University of Sussex
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Revisiting the legacy of deindustrialisation: towards a history of emotion, camaraderie, and class in a former coalmining borough in South Yorkshire, 1970s to the present

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posted on 2023-06-10, 04:17 authored by Lee Waddington
This thesis is centred around the memories and experiences of ex-coal miners in and surrounding Barnsley, South Yorkshire. It is a socio-cultural history that takes coalmining and coalfield deindustrialisation (alongside regeneration) as its foci. Drawing heavily on the oral histories of ex-miners, it illustrates the symbolic and economic violence of deindustrialisation and its emotional legacy by bringing together an analysis of emotion, camaraderie, and class in men’s working lives from 1970s to the present. It outlines three main arguments. Firstly, it argues that a stigmatisation of people and places persists in a web of discursive representations of coal in the twenty-first century. Representations involving moral condemnation, condescending compassion, and class erasure are discerned as a cultural legacy of deindustrialisation. Many interviewees have internalised these historical and contemporary representations, affecting how they remember and render coalmining. Secondly, arising from men’s testimonies was a reoccurring motif of camaraderie. Situating itself within deindustrialisation scholarship, it argues that camaraderie has perhaps been overlooked as an analytical tool and historical experience. Employing Monique Scheer’s concept of ‘emotional practices,’ it illustrates how camaraderie was inextricably linked to men’s subjectivity and the exercise of power, cutting across dimensions of class, masculinity, and age. Lamentations over the loss of camaraderie in ‘new’ workplaces signify a more profound rupture in men’s emotional lives; it disrupts how they express and experience emotion, important in the constitution of a collective sense of self. Lastly, taking into consideration a politics of ‘moving on’ permeating regeneration and neoliberal discourse, it argues that utterances ‘move on’ and ‘get on’ are meaningful ways ex-miners understand and respond to the legacy of deindustrialisation. These emotive responses can affect conceptions of time, and memories and experiences of industrial closures, and are instrumental in accommodating the structural violence of deindustrialisation and its aftermath.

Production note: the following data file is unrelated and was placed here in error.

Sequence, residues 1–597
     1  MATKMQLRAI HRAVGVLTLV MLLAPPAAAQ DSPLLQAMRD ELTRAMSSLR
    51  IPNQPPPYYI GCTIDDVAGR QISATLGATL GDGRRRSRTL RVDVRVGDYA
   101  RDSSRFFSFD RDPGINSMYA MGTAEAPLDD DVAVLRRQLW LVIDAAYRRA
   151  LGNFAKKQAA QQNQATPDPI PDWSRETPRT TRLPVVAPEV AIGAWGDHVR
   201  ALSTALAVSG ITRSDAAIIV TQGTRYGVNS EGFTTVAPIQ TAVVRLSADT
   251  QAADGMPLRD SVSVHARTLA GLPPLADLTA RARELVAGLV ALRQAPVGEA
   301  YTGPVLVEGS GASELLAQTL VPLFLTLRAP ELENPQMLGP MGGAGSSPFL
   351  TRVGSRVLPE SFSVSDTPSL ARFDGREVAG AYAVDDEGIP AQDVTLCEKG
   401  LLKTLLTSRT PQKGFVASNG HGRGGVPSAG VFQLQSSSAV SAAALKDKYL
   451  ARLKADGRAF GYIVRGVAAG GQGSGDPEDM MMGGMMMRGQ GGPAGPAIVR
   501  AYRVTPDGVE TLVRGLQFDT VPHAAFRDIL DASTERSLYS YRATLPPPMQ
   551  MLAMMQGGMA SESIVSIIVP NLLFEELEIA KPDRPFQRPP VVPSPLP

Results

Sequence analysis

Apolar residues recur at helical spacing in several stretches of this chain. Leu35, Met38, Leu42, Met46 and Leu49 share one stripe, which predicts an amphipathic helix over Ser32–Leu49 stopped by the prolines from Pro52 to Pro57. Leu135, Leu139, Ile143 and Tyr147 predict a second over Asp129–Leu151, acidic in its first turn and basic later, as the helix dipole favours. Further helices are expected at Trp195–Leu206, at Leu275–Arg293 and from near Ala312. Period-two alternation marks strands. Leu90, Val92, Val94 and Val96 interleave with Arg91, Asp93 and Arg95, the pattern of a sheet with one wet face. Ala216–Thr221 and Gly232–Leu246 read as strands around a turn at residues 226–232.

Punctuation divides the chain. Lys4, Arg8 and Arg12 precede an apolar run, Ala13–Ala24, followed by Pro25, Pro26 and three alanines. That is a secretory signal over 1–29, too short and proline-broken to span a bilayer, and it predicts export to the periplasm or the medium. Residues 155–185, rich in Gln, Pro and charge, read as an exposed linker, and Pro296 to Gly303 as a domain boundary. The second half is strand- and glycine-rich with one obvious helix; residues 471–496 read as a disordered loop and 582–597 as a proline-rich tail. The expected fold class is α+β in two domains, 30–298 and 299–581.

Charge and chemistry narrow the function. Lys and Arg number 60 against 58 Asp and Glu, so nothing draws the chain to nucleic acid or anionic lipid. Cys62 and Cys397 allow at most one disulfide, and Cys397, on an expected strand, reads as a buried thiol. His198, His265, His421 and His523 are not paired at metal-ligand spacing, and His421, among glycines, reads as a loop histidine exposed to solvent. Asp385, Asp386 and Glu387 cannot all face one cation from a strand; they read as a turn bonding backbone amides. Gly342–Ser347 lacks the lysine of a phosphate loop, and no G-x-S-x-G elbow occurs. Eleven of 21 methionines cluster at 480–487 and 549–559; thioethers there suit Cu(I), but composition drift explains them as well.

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  • doctoral

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  • eng


University of Sussex

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